Silhouettes of movement evoked




racing the transit of time is the aim of art created by Odelle Morshuis, of Bannockburn.

Her paintings featured silhouettes of people, often against muted abstract backgrounds with broad brush strokes.

Often, she worked from video ‘‘to try to get the movement’’.

‘‘There is a whole relationship and narrative to space and time.’’

A sense of transition was created by outlines and shadows that gave a sense of moving through the frame.

The moving form was of interest to her.

‘‘It is part of life, nothing is static, everything is dynamic.’’

A more recent development was creating sculpture out of recycled metal.

At first she had tried transferring paintings to 3-D forms by plotting it out on computer, but that was not a satisfying process.

Instead, Morshuis used a plasma torch which allowed her to explore a more freehand approach.

There was a ‘‘preciousness to the void’’ in her sculptures, because what was removed was as important as what was retained.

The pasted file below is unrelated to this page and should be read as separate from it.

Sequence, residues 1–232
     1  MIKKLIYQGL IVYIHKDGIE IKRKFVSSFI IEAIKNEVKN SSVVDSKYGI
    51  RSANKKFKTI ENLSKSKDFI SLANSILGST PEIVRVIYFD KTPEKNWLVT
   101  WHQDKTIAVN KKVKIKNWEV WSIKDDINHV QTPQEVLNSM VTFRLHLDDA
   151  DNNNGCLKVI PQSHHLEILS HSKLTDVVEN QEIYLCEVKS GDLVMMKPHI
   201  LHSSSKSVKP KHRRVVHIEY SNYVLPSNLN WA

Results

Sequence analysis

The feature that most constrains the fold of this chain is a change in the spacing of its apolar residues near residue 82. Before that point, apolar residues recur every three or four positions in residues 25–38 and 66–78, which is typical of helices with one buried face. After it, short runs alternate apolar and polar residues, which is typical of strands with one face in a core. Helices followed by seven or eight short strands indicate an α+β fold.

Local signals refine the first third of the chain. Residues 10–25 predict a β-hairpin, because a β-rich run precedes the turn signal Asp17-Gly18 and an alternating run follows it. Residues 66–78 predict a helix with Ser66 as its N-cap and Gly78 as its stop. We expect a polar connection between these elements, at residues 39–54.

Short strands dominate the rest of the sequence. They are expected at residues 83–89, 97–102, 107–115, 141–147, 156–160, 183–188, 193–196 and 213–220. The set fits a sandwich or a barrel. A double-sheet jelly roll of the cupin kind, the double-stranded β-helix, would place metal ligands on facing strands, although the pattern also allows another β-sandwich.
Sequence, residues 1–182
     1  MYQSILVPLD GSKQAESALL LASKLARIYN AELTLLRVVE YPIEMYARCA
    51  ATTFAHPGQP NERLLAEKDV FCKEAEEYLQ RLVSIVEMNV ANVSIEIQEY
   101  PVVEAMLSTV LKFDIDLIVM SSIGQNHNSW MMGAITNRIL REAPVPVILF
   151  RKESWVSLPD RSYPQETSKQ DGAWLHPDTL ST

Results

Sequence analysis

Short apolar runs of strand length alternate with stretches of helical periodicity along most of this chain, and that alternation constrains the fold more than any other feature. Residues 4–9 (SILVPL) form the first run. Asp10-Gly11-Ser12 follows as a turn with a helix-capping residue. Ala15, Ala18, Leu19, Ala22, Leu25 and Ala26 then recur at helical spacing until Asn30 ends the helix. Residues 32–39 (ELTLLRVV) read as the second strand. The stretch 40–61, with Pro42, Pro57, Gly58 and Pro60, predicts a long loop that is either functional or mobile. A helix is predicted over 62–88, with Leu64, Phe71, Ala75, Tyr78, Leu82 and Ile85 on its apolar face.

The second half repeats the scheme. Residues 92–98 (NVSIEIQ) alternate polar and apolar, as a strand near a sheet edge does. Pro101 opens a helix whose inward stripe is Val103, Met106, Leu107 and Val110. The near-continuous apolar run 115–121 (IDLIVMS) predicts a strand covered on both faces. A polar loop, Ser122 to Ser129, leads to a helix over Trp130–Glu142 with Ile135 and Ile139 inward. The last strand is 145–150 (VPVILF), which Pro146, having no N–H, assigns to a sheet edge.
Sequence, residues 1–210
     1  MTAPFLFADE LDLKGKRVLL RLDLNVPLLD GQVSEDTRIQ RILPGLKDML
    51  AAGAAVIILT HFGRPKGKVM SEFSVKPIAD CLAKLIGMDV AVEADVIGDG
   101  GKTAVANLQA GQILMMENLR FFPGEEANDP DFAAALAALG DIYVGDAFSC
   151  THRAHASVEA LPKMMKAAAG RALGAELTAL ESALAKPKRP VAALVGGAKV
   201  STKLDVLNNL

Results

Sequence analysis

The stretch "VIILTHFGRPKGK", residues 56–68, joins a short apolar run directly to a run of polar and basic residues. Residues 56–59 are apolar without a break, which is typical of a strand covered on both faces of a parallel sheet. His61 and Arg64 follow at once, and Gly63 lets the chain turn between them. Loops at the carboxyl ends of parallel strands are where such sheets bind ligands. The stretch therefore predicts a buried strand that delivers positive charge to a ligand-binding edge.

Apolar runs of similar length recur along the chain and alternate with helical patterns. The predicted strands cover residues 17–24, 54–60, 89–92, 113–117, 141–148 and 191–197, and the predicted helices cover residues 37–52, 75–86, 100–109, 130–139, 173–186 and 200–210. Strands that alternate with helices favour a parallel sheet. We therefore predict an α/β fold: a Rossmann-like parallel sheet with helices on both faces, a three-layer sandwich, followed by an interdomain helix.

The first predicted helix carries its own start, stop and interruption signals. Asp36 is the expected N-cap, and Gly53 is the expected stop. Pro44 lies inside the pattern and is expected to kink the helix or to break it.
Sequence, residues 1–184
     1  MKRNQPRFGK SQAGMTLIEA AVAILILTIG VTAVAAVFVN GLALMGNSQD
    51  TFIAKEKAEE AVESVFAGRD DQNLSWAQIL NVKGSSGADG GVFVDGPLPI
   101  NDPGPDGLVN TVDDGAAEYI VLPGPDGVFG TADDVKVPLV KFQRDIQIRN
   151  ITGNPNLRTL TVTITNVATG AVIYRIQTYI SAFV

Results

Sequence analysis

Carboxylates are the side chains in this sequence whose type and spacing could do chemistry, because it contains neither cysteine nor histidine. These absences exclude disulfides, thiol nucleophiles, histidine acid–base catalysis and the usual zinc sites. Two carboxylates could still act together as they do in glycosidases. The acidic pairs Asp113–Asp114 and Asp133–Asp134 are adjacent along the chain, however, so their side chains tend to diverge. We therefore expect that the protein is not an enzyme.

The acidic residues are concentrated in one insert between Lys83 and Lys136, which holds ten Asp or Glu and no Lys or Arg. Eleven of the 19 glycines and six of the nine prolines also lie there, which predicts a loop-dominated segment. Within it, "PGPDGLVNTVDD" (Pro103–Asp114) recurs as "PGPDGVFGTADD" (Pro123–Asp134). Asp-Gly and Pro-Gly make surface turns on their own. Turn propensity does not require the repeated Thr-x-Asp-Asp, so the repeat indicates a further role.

Her studio in the middle of a vineyard in Bannockburn had its ‘‘pros and cons’’ and was sometimes isolated but Morshuis would not have it any other way.

‘‘I absolutely appreciate the place I live and it comes into my work.’’

Travel was normally part of her routine ‘‘up to this year Iwas doing a couple of international art fairs each year’’.

However as for many others, international travel was off the agenda at the moment due to Covid-19.

‘‘So I really miss those, that has been a bit of a downer this year but hopefully they will return.’’

Her next exhibition will be the Dunedin Art Show, from November 19 to 22.

Static movement … Odelle Morshuis, works on one of her paintings at her studio in Bannockburn. PHOTO: SIMON HENDERSON
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